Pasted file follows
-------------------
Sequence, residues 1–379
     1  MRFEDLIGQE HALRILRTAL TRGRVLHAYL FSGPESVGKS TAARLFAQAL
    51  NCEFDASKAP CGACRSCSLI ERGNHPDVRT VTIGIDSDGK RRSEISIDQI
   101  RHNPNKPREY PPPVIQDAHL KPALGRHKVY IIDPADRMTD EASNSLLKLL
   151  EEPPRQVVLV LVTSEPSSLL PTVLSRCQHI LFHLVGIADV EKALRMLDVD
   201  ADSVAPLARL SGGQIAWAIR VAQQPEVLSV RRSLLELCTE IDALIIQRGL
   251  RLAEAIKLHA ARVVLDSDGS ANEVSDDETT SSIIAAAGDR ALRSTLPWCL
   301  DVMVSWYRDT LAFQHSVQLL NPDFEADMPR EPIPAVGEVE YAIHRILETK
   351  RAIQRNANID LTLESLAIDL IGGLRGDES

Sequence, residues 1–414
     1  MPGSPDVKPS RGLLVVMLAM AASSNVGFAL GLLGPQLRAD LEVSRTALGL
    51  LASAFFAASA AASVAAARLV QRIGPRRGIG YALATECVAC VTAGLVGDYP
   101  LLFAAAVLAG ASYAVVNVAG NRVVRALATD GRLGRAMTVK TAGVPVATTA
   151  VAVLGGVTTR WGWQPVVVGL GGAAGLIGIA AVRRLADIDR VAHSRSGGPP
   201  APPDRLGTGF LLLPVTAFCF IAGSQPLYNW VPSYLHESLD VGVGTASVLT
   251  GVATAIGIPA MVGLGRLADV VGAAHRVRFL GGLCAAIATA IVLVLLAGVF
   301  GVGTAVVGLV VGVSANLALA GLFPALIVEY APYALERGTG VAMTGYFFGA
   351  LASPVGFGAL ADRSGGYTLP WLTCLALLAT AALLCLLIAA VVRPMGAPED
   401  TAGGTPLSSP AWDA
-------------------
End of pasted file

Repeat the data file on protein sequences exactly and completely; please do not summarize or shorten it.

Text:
Sequence, residues 1–379
     1  MRFEDLIGQE HALRILRTAL TRGRVLHAYL FSGPESVGKS TAARLFAQAL
    51  NCEFDASKAP CGACRSCSLI ERGNHPDVRT VTIGIDSDGK RRSEISIDQI
   101  RHNPNKPREY PPPVIQDAHL KPALGRHKVY IIDPADRMTD EASNSLLKLL
   151  EEPPRQVVLV LVTSEPSSLL PTVLSRCQHI LFHLVGIADV EKALRMLDVD
   201  ADSVAPLARL SGGQIAWAIR VAQQPEVLSV RRSLLELCTE IDALIIQRGL
   251  RLAEAIKLHA ARVVLDSDGS ANEVSDDETT SSIIAAAGDR ALRSTLPWCL
   301  DVMVSWYRDT LAFQHSVQLL NPDFEADMPR EPIPAVGEVE YAIHRILETK
   351  RAIQRNANID LTLESLAIDL IGGLRGDES

Sequence, residues 1–414
     1  MPGSPDVKPS RGLLVVMLAM AASSNVGFAL GLLGPQLRAD LEVSRTALGL
    51  LASAFFAASA AASVAAARLV QRIGPRRGIG YALATECVAC VTAGLVGDYP
   101  LLFAAAVLAG ASYAVVNVAG NRVVRALATD GRLGRAMTVK TAGVPVATTA
   151  VAVLGGVTTR WGWQPVVVGL GGAAGLIGIA AVRRLADIDR VAHSRSGGPP
   201  APPDRLGTGF LLLPVTAFCF IAGSQPLYNW VPSYLHESLD VGVGTASVLT
   251  GVATAIGIPA MVGLGRLADV VGAAHRVRFL GGLCAAIATA IVLVLLAGVF
   301  GVGTAVVGLV VGVSANLALA GLFPALIVEY APYALERGTG VAMTGYFFGA
   351  LASPVGFGAL ADRSGGYTLP WLTCLALLAT AALLCLLIAA VVRPMGAPED
   401  TAGGTPLSSP AWDA